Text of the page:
Nutcracker Faire: something for everyone, even Santa

Scott Miller greets customers to his booth at the 2011 Nutcracker Faire. Miller makes inlaid wooden pendants and small plaques.-Photos by Michael Armstrong, Homer News

Scott Miller greets customers to his booth at the 2011 Nutcracker Faire. Miller makes inlaid wooden pendants and small plaques.-Photos by Michael Armstrong, Homer News

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The sights and sounds of the Christmas holiday will fill the Homer High School commons and gym this weekend with Homer Council on the Arts’ Nutcracker Faire.  

“Great food, great arts and crafts, more than 100 vendors” is how coordinator Cindy Nelson describes this year’s annual event.

There will be artwork, jewelry, handspun yarns and knitted finished items. There will be photographs and creative representations of the area’s natural beauty, unique handmade gifts from beauty products to toys, decorations and useful items. And there will be so much more.   

“The Nutcracker Faire is booming, booming, booming,” said Nelson.

Hours of the faire are 11 a.m.-7:30 p.m. on Saturday and noon-6 p.m. on Sunday.

“This is such an all-inclusive community gathering,” said HCOA Executive Director Gail Edgerly, referring to the Nutcracker Faire occurring on the first weekend of performances of the Nutcracker in the Mariner Theatre. “People are coming in for the ballet and for the fair, and it’s such an amazing congregation of this community. You see people you only see once a year. It’s like going to the street fair, but quadruple.”

Speaking of people you see once a year, Brownie Troop 564 has persuaded Santa Claus to take time out of his busy schedule to stop by the fair from 1-4 p.m. Saturday and Sunday. Visitors can photograph the moment for a small price or, for slightly more, a professional photographer can document the one-on-one time with Mr. Christmas, with proceeds benefiting troop activities. The troop also will have a portion of Santa’s North Pole workshop set up, with everything needed to make little gingerbread houses. If a busy holiday schedule doesn’t allow to construct the house at the fair, gingerbread house kits can be purchased and taken home to make later or given as gifts. 

Live music marks the festivities, thanks to the coordination of Carol Comfort. There will be performances by the Homer High School Swing Choir, the Homer Ukulele Society, Sally Wills and Dave Gerard, Lindianne Sarno, Rev. Poor Child, Sunrise Sjoberg and Tim Quinn, Mike Murray and the piano students of Comfort’s piano studio. 

“There are three or four spots left,” said Comfort, inviting other musicians to join the fun.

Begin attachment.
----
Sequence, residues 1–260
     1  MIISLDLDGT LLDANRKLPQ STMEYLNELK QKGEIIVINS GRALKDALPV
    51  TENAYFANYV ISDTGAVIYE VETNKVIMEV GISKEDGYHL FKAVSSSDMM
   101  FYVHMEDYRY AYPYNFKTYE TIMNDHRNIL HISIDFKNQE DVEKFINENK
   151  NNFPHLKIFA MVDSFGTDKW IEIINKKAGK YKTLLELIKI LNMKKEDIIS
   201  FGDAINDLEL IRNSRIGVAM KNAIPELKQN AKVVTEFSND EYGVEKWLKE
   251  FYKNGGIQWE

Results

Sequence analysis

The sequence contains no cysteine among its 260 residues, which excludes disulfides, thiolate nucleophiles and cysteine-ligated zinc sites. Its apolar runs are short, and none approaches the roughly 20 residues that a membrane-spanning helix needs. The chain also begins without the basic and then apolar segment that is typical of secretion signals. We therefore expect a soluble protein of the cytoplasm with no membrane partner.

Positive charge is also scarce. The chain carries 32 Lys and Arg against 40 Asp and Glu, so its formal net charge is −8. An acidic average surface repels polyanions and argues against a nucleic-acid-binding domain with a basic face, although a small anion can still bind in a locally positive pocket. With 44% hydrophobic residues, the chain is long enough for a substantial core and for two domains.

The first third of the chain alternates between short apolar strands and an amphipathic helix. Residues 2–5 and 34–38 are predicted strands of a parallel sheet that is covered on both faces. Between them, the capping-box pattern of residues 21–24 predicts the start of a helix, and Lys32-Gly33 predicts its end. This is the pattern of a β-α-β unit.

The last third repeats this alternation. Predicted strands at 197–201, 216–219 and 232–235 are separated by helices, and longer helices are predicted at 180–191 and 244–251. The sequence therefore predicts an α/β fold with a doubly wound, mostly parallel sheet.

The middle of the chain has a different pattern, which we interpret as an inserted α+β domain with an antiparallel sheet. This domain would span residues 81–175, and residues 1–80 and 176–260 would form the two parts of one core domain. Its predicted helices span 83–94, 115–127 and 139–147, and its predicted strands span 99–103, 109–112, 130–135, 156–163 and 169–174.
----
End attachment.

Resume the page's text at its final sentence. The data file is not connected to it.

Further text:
Kachemak Kids Early Learning Center is offering edible art activities for youngsters. For starters, Hanna Johnson, executive director of Kachemak Kids, and her crew will have everything needed to turn an ice cream cone into a Christmas tree, make ornaments out of popsicle sticks and create one-of-a-kind Christmas cards.

“We’ll have all the supplies cut out and set up so they can do several projects or just one,” said Johnson.

Kachemak Kids also will raffle off three gift baskets with up to $600 worth of items each donated by local merchants such as the Alaska Kayak School, Homer’s Jeans, NOMAR and Tech Connect. The proceeds benefit Kachemak Kids nonprofit preschool and childcare center.

What’s a holiday event without food? That’s a question that doesn’t have to be answered, thanks to six food vendors with such delicious offerings as Alaska seafood, Mediterranean specialties, gourmet ice cream bars and hearty hot coffee. Even HCOA is going to get into the act with servings of curry and ratatouille, according to Edgerly.

The festivities are the perfect stage for Kathy Kysar, owner of Fresh Sourdough Express Bakery and Restaurant, to unveil her new gluten-free bread, scone, muffin and cookie mixes. They’re wheat-free and, satisfying both vegan and nonvegan appetites, can be made with dairy or nondairy milks and egg substitutes.

“In addition, we’ll be selling baked goods, sourdough stuffing mix, croutons, bread crumbs, jellies, salsa and dressing,” said Kysar. “And we’ll have plenty of gluten-free bread for sale, too.”

The Nutcracker Faire’s popularity has grown over the years, with vendors eager to               secure space.

“It fills up probably two weeks before the Oct. 21 deadline,” said Edgerly. “Right now we have nine people on a waiting list.”

The event also takes advantage of the space Homer High School offers.

“It’s a wonderful venue for vendors, but bigger than that, at least for me, is that it’s such a community event and wonderful to see the school being used to such capacity,” said Edgerly.

“Between the fair and the ballet, it’s really being used for what it’s capable of.”  

McKibben Jackinsky can be reached at mckibben.jackinsky@homernews.com.

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